Therefore, Prince Nasiru'd-Din Mahmud was asked to put up a bold fight against Iwaz, wherein Iwaz was conquered and killed in 1227 AD along with all his noblemen. The then Governor of the province of Lakhnauti then joined the Oudh region with Bihar and Bengal, after making Lakhnauti his official capital. Iltutmish was quite impressed by the prince's valour and granted him the title of 'Malik-us-Sharq' or King of the East. His reign was short but just after 18 months, Nasuru'd-Din Mahmud was executed. Iltutmish had built the Sultan Ghari tomb in the memory of the young prince during 1231 AD, which is located near the complex of the Qutub Minar. Iltutmish died in the year 1236 and his own tomb is situated near Qutab Minar.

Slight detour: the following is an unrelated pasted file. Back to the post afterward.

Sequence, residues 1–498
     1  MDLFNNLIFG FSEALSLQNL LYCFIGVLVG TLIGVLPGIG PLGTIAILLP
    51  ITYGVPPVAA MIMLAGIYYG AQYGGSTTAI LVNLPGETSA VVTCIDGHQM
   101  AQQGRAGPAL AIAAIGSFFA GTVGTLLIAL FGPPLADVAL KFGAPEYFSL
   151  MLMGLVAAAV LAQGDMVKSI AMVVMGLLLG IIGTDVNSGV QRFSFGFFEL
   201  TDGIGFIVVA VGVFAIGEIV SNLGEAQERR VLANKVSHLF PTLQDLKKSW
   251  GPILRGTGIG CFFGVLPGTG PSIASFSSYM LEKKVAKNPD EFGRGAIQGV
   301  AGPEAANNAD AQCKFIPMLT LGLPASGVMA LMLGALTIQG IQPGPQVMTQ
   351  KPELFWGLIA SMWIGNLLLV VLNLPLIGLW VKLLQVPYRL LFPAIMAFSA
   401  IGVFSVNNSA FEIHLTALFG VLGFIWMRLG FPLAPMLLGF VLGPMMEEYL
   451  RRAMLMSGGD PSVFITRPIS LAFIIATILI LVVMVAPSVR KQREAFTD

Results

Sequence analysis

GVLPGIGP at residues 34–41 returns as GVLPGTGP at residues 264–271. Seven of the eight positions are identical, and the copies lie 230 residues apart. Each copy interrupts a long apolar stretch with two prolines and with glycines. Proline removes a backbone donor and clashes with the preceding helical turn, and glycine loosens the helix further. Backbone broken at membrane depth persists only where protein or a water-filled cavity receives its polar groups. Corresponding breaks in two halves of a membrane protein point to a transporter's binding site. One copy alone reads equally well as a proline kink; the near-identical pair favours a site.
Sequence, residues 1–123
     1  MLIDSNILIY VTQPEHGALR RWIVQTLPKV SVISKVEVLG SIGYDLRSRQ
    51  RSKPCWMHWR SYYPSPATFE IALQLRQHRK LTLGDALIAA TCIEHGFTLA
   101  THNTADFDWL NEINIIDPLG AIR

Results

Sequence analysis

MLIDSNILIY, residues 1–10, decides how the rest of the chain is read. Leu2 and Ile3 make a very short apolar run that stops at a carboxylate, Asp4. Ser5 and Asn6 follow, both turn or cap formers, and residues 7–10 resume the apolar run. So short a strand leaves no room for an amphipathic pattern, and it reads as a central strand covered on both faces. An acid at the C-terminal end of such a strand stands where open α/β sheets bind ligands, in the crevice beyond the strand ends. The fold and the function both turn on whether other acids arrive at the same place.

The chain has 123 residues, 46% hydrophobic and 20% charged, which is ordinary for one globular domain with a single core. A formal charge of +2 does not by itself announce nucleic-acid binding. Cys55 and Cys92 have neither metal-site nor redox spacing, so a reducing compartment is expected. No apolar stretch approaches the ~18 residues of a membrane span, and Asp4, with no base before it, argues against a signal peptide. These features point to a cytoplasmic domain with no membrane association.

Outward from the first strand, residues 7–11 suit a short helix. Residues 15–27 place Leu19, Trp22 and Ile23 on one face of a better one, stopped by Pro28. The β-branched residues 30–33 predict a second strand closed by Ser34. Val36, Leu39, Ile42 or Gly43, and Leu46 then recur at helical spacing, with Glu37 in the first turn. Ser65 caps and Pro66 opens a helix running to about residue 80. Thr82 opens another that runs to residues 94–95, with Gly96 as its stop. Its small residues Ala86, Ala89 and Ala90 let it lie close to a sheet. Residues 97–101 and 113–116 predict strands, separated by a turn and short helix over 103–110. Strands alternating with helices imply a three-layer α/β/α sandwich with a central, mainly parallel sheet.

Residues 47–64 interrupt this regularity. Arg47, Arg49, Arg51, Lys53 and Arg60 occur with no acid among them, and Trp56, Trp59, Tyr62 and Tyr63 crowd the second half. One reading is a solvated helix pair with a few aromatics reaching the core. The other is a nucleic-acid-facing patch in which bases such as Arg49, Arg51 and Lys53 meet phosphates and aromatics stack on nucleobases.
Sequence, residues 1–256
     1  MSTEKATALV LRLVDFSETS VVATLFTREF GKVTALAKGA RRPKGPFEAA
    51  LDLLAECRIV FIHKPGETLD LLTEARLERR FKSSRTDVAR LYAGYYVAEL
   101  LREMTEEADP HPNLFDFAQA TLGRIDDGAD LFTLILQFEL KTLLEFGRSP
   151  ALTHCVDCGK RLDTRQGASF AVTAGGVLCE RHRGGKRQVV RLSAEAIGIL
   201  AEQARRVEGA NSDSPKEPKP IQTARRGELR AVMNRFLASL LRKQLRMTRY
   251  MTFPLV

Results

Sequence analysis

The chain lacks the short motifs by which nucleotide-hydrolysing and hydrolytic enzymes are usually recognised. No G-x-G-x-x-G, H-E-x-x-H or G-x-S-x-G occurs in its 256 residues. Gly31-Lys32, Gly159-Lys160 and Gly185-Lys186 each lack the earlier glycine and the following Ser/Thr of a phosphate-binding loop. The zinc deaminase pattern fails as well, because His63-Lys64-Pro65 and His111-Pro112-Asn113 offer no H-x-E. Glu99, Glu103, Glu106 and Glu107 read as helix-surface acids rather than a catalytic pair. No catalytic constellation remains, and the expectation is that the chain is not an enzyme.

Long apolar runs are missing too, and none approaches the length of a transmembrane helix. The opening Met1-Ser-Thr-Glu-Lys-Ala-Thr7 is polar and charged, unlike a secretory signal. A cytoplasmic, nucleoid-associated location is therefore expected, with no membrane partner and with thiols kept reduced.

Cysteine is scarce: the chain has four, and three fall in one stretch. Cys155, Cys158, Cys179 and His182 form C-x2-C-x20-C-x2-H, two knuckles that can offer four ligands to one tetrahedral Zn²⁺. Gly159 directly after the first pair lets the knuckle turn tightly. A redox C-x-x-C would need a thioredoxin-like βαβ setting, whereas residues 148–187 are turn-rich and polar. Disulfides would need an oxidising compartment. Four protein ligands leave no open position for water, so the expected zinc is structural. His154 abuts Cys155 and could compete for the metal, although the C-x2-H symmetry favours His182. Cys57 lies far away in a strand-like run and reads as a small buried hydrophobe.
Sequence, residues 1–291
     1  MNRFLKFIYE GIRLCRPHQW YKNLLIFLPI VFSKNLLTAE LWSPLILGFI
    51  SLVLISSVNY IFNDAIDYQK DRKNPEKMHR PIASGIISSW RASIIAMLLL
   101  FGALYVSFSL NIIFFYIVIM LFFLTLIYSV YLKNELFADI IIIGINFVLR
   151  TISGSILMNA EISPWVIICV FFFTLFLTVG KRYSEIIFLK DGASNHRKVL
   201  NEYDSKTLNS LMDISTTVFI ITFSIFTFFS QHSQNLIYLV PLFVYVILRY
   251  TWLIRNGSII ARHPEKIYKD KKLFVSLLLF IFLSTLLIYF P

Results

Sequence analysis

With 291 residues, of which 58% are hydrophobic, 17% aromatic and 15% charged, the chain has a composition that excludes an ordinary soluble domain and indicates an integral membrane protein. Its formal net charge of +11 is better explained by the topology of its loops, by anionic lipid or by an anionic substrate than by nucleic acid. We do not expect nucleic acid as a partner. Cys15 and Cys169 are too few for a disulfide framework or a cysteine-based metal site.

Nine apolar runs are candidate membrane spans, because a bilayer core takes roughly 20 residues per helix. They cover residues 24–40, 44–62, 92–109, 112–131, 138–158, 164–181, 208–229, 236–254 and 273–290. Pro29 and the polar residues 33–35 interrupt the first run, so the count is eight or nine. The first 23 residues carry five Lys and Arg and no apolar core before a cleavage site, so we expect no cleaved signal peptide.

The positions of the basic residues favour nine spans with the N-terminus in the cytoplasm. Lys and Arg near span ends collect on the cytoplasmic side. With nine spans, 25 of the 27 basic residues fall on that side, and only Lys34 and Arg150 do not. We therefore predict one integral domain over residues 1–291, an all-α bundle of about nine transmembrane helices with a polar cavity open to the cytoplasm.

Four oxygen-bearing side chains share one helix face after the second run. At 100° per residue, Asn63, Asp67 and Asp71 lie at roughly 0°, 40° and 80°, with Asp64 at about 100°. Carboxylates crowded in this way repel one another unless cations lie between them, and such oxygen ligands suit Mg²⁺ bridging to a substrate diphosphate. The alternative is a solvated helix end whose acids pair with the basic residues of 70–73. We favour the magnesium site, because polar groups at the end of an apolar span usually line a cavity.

Near Sultan Ghari is existent two tombs of the two other sons of Iltutmish named Muizzudin Bahram Shah who was killed during 1241 AD and Ruknuddin Feroze Shah who died in 1237 AD. Their regime was short-lived and they had reigned before and after the rule of their renowned sister Razia Sultan and were buried in different cenotaphs or 'Chhatris'. While one of the Chhatris is completely in ruins the other had been conserved. Excavations conducted by the Archaeological Survey of India has revealed a stone lingam, an isolated mosque belonging to the era of the rule of Firoz Shah Tughlaq and also an inscription dating back to 1361 over the surface of a tank which had been dug out during a marriage. Certain scattered remnants of the Mughal Dynasty have also been discovered.